Heathrow relies on innovation to improve PRM accessibility
Whether they are injured temporarily, mobility impaired, blind, or in old age, every passenger can expect airports to mobilize their technical and human resources at each stage of the trip to make it accessible.
With the number of passengers steadily rising, the demand for assistance from airports also increases, making airports inclusiveness a priority. Last year, 1.4 million passengers received assistance at Heathrow Airport (LHR). To respond to this ever-increasing demand, the busiest European platform has deployed different services aimed at making the life of passengers with reduced mobility (PRM) easier. Roberto Castiglioni, editor-in-chief at Disability Air Travel and member of the Heathrow Access Advisory Group, presented some of the solutions already offered during AIR Convention 2019 Europe.
With the demographics changing, new PRMs are becoming more and more tech-savvy and value their independence even more than the previous generation. In December 2017, Heathrow introduced several technological solutions to enhance service to its passengers with disabilities. One of them is Signlive. This British company provides easily accessible online video interpreting services to help the 7,000 deaf passengers that Heathrow welcomes per year. At several points of the airport, deaf people can be connected to a qualified British Sign Language Interpreter in order to assist them while traveling through.
To help the almost 6,000 visually impaired travelers that use the airport every year, Heathrow introduced Aira on December 3, 2018. This app connects the passenger to a trained agent that will become their eyes either through the camera on specialized smartglasses or their smartphone camera. The agent then describes what is in the user’s surroundings and helps them navigate through the terminal, identify their gates or their luggage, and even assists them while shopping.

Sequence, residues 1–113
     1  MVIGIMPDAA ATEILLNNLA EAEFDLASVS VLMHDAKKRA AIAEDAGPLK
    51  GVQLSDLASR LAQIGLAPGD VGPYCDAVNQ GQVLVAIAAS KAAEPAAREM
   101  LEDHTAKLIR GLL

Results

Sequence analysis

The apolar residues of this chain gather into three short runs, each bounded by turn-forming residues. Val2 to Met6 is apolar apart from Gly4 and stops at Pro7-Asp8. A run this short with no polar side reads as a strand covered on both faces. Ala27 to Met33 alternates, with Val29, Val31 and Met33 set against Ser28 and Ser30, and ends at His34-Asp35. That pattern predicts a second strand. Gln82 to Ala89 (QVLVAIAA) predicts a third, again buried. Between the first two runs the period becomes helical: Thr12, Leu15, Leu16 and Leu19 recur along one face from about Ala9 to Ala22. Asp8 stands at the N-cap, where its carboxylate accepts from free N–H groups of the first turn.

Another promising example, already in use, are the Airstar robots deployed in Incheon International Airport (ICN) in Seoul, South Korea. Airstar is a second-generation humanoid talking several languages, featuring an advanced AI with facial and voice recognition, that can help to escort passengers through the airport, to their check-in, luggage pickups or anywhere else they would like to go. The main advantage it presents is that unlike an agent, it is a one-off investment, and is constantly available to PRM in need. 14 are currently deployed in two terminals of Incheon. In the coming months, Heathrow should test the Airstar robot as an assistant to people with autism.
The majority of passengers requesting assistance in airports are in need of mobility services. To meet this demand, airport mobility services will need to rely on automation. A noticeable example presented was the Japanese company WHILL, which offers wheelchairs that can both be manually or autonomously driven. In its autonomous version, the device awaits for the user at In March 2018, the technology was tested at Heathrow Airport, with 40 passengers with PRM trying the device in both modes. The results were promising, as 87.5% of users rated the product very good or excellent, and gave them a satisfying level of independence.
No matter what may be the impairment, the thing that PRMs value the most is their independence. “Technological advancements that help to regain or maintain independence are absolutely crucial”, concludes Roberto Castiglioni.
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